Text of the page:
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Capsaicin helps heartburn

Q. I have had success with a remedy I read about in your newspaper column. I have persistent heartburn and was on prescription medications for more than a decade. I was surprised to read that cayenne-pepper extract had helped others with this problem.

I have been taking one cayenne pill in the morning and one in the evening for less than two weeks. I have gone from chomping Tums or Rolaids three to five times a day to almost none. It has made a huge difference in the way I feel. The relief came very quickly and was inexpensive. I have even had some pretty spicy food.

A. You have confirmed what others report, namely that capsaicin (the hot stuff in chili peppers) may be helpful for heartburn. Although such an approach seems unorthodox, a study in the Journal of Neurogastroenterology and Motility (April 2010) showed that regular ingestion of hot peppers reduced symptoms of reflux. Using an extract in pill form might be more tolerable for those who dislike spicy flavors.

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Q. At 40, my health, weight and energy all were normal. Then I began to feel tired all the time and suffered with constipation, very dry skin and puffy eyes. My elderly family doctor ran a blood test and found I had hypothyroidism. He prescribed Armour Thyroid, and I soon felt like a winner.

When my doctor passed away, I found a new doctor. He changed the medication to Levoxyl, and I am once again gaining a lot of weight despite working out an hour a day. My bowels don't work, and my skin is so cracked, I look like an alligator. I told my doctor I'm so tired I fear I will fall asleep behind the wheel, but he doesn't want to switch me back to the medicine that worked for me. He just says I'm getting older.

A. While many patients do well on synthetic thyroid hormone (levothyroxine, Levoxyl, Synthroid), you are not the only one who has found that Armour desiccated thyroid works better. One reader wrote: "I wish I had demanded Armour thyroid sooner. I kept saying Synthroid didn't work. Instead of letting me know about Armour, I was given antidepressants."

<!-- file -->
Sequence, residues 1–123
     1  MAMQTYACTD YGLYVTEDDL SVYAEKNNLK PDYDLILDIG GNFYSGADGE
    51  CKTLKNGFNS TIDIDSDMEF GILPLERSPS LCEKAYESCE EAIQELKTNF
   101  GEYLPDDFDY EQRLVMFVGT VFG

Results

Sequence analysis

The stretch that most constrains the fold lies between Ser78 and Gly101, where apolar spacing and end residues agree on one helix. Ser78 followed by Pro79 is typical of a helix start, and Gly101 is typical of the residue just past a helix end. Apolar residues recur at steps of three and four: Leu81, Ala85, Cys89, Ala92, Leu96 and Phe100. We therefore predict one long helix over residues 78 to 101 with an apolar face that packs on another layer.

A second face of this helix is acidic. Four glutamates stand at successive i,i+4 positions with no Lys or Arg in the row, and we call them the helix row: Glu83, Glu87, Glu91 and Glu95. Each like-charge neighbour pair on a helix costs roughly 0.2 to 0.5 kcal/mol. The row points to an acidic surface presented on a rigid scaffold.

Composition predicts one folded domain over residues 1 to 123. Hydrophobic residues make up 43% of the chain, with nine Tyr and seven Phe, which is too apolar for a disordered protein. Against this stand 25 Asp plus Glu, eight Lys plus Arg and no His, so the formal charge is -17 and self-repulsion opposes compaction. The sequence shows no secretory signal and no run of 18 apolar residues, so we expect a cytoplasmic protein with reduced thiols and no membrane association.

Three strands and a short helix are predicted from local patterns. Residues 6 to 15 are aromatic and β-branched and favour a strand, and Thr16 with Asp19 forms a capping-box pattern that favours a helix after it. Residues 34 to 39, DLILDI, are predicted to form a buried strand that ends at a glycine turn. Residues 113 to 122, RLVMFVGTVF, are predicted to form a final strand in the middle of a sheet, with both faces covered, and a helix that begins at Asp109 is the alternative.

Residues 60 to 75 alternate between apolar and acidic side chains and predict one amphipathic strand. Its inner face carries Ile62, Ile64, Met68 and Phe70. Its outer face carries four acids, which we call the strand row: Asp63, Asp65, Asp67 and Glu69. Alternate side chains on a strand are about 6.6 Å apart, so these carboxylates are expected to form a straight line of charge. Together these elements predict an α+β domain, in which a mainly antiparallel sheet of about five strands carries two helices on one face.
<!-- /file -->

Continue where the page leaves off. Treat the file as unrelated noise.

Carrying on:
To help you discuss this with your doctor, we are sending you our Guide to Thyroid Hormones. In it we discuss the diagnosis and treatment of common thyroid conditions, including the use of Armour Thyroid. Anyone who would like a copy, please send $3 in check or money order with a long (No. 10), stamped (65 cents), self-addressed envelope to: Graedons' People's Pharmacy, No. T-4, P.O. Box 52027, Durham, N.C. 27717-2027. It also can be downloaded for $2 from our website: www.peoplespharmacy.com.

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Q. I have been suffering with hives for eight years. No drugstore remedy worked. After reading on your website that vitamins might help, I started to take vitamin C and vitamin D supplements. I am amazed with the results.

I talked with my allergist this morning, and he was surprised as well. Keep spreading the word!

A. We have not found any recent studies of vitamin C for treating hives, but a case series published in the West Virginia Medical Journal (January-February 2011) suggests that many people with hives may have low vitamin D. When this is corrected with supplements, the hives go away. We also have heard from others who have had success using vitamin C for hives.

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Q. I have irritation in my digestive tract, with possible bleeding in the small intestine. Which is better for me to take, baby aspirin or enteric-coated 81 mg aspirin?

I have taken a baby aspirin since the early '80s. At some point I switched to enteric-coated aspirin. When I started Niaspan more than a year ago, I increased it to three per day.

A. Doctors have recommended enteric-coated aspirin to protect the stomach from irritation that could lead to ulcers. The special coating on these pills keeps the ingredients from being released in the stomach. Instead, they are dispersed in the small intestine.

New technology has allowed physicians to view the small intestine and discover that it also is quite susceptible to damage from aspirin or other nonsteroidal anti-inflammatory drugs (NSAIDs) like diclofenac, ibuprofen and naproxen (Clinical Gastroenterology and Hepatology, January 2005).

Aspirin, even chewable baby aspirin, may be too risky for you. Please discuss this with your doctor.

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Q. How does a vegetarian achieve a low-carbohydrate diet? I thought I was eating healthily, but my blood sugar is creeping up, and my waistline is over 38 inches.

A. Belly fat is linked to heart disease (Obesity Reviews online, April 27, 2011). Carbohydrates contribute to this problem, so a low-carb diet can help reduce belly fat (presented at the Endocrine Society's annual meeting, 2011).